A San Francisco federal judge dismissed without prejudice allegations that Sutter Health (Sutter), a large hospital system in northern California, unreasonably restrained trade and monopolized the market for healthcare services in northern California through imposing tying and exclusive dealing arrangements in its contracts with health plans. U.S. Magistrate Judge Laurel Beeler dismissed the class action complaint because it contained conclusory allegations that failed to provide factual support showing that Sutter engaged in predatory conduct or imposed supracompetitive prices.

The lawsuit originated in September when two Sutter customers filed a class action lawsuit on behalf of a putative class consisting of any person in Northern California who had been enrolled in a licensed healthcare service plan since September 2008 that had a contractual relationship with Sutter. The complaint alleges that Sutter required health plans to use Sutter providers or affiliated physician groups — even if there were lower priced alternatives — or be denied access to any Sutter facility. Plaintiffs also alleged that Sutter’s contracts require health plans to incentivize the use of Sutter services and penalize plan members who fail to use them. Plaintiffs claim that the putative class has had to pay “at least several thousand dollars per year” more for healthcare services as a result of Sutter’s contracts.

Judge Beeler dismissed nearly all of plaintiffs’ claims under Bell Atlantic v. Twombly, 550 U.S. 544,555 (2007), as lacking sufficient factual support for what he characterized as simply conclusory allegations. For example, Judge Beeler dismissed plaintiffs’ claims of tying and exclusive dealing because the complaint failed to include allegations that Sutter had mandated that patients can choose only Sutter providers. While plaintiffs alleged that Sutter required health plans to include all Sutter providers in-network and to “actively encourage” patients who use Sutter providers to use other Sutter providers, there were no allegations that health plans could not include non-Sutter providers in-network or direct patients to non-Sutter providers.

Judge Beeler also found fault in the product and geographic market allegations. Plaintiffs alleged that the relevant product market was

“the provision of health care and related services,” which included but was not limited to: inpatient hospital services; outpatient hospitals services; physician services; services of other providers such as nurses, optometrists, psychologists, or nutritionist; diagnostic laboratory services; home health services; rehabilitation; physical or occupational therapy; preventive health services; emergency services; hospice services; chemical dependency services; and psychiatric services. Judge Beeler ruled that this was an insufficient product market because plaintiffs failed to plead “specific product markets” and it was not a case where all the services could be combined into a single relevant market. The complaint also contained insufficient allegations of a relevant geographic market because it simply pled a market consisting of “an amorphous region of 22 counties that is not tethered to any factual allegations about Sutter’s market power.”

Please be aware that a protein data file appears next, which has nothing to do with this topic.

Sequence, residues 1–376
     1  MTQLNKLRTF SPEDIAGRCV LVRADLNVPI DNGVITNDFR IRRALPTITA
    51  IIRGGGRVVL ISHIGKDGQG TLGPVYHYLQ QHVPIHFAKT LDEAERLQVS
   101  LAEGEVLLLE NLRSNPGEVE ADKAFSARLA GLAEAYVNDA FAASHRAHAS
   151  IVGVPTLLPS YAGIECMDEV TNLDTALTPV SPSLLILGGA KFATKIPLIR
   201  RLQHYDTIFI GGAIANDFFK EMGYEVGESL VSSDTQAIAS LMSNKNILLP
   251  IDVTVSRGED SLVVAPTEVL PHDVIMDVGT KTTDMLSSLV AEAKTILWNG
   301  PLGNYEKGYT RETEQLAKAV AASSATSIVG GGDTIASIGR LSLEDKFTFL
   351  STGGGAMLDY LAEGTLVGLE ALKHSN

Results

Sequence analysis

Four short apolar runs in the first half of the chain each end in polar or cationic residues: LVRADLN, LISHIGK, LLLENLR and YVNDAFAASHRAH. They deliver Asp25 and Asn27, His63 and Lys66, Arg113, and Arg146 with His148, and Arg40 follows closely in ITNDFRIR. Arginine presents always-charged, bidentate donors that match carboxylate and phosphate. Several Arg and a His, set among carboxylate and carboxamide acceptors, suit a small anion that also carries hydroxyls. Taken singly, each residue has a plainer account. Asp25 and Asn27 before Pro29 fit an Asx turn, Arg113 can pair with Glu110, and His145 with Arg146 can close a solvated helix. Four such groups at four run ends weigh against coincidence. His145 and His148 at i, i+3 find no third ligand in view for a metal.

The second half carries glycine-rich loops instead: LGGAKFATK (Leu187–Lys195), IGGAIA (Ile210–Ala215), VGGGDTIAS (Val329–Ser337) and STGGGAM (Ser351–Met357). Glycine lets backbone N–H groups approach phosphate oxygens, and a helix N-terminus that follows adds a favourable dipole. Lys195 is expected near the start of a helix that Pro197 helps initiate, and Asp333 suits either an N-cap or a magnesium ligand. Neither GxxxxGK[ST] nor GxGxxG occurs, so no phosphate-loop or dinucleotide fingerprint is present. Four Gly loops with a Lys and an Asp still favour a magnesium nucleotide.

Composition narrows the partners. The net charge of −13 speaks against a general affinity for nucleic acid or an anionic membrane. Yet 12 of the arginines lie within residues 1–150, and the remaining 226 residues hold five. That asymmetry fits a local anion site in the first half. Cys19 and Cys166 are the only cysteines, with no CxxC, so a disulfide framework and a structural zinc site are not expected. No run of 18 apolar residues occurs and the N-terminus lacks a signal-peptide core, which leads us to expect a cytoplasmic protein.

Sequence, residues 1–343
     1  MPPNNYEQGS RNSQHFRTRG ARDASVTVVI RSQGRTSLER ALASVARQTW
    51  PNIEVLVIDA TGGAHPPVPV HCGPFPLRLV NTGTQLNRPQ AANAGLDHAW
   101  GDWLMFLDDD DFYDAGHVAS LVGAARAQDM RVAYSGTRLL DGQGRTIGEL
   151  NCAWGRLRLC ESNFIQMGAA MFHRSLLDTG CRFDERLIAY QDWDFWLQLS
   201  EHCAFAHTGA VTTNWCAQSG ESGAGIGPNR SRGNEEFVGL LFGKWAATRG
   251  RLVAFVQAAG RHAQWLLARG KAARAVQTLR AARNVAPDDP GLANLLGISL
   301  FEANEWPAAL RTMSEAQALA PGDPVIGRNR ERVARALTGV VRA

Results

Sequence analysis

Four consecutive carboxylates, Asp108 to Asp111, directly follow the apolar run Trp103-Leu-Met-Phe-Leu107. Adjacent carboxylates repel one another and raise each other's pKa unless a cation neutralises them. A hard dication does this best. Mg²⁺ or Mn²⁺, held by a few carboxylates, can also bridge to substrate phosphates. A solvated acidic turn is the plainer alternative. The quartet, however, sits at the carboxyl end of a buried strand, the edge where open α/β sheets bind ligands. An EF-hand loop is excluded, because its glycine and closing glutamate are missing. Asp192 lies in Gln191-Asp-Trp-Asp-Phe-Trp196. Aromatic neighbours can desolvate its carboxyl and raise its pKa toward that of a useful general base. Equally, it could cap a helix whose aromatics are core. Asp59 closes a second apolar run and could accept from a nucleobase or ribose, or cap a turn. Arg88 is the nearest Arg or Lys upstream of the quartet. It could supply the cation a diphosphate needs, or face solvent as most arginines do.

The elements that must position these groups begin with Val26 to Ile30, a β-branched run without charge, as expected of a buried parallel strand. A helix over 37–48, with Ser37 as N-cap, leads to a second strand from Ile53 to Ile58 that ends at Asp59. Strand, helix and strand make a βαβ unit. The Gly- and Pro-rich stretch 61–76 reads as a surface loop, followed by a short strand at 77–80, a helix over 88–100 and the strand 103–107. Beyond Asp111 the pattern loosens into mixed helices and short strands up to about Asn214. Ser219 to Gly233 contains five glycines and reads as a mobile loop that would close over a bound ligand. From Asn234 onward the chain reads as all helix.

Despite dismissing plaintiffs’ substantive claims, Judge Beeler did uphold plaintiffs’ antitrust standing to pursue the case, at least at the motion to dismiss phase. Although the complaint did not specifically allege that plaintiffs were actual Sutter customers, Judge Beeler found sufficient to survive a motion to dismiss the allegations that plaintiffs have had to pay higher premiums, co-payments, and out-of-pocket costs for other services. Plaintiffs therefore have 28 days from the date of the decision to amend and refile the complaint, and they have indicated they intend to do so. Overall, the dismissal marks a short term win for Sutter and provides insight into the high level of particularity and factual support required to successfully plead a private antitrust suit. The decision also is noteworthy for the following additional reasons:

  • At the motion to dismiss phase under Twombly, mere allegations of predatory conduct itself are not enough to establish a valid antitrust lawsuit. Private plaintiffs must back those allegations up with concrete factual support for each essential element of the violations alleged.
  • Antitrust challenges to the contracting practices of a healthcare system are not common, but as demonstrated by this lawsuit, can and do occur. Of course it remains to be seen whether plaintiffs will amend and re-file a complaint capable of withstanding Sutter’s motion to dismiss.
  • In a time of increasing healthcare consolidation, providers and insurers should remain cautious of lawsuits not just from antitrust enforcement agencies and other healthcare entities, but from private consumers as well.

On a related note, the recent spike in healthcare provider consolidation has garnered a significant amount of attention as speculation grows about how it is affecting market competition. The American Hospital Association and the Center for Healthcare Economics and Policy recently released a report concluding that hospital mergers and acquisitions generally result in higher quality and more efficient care. The report finds that the “overwhelming majority of those transactions are procompetitive and fully support the twin goals of higher quality and more affordable health care.”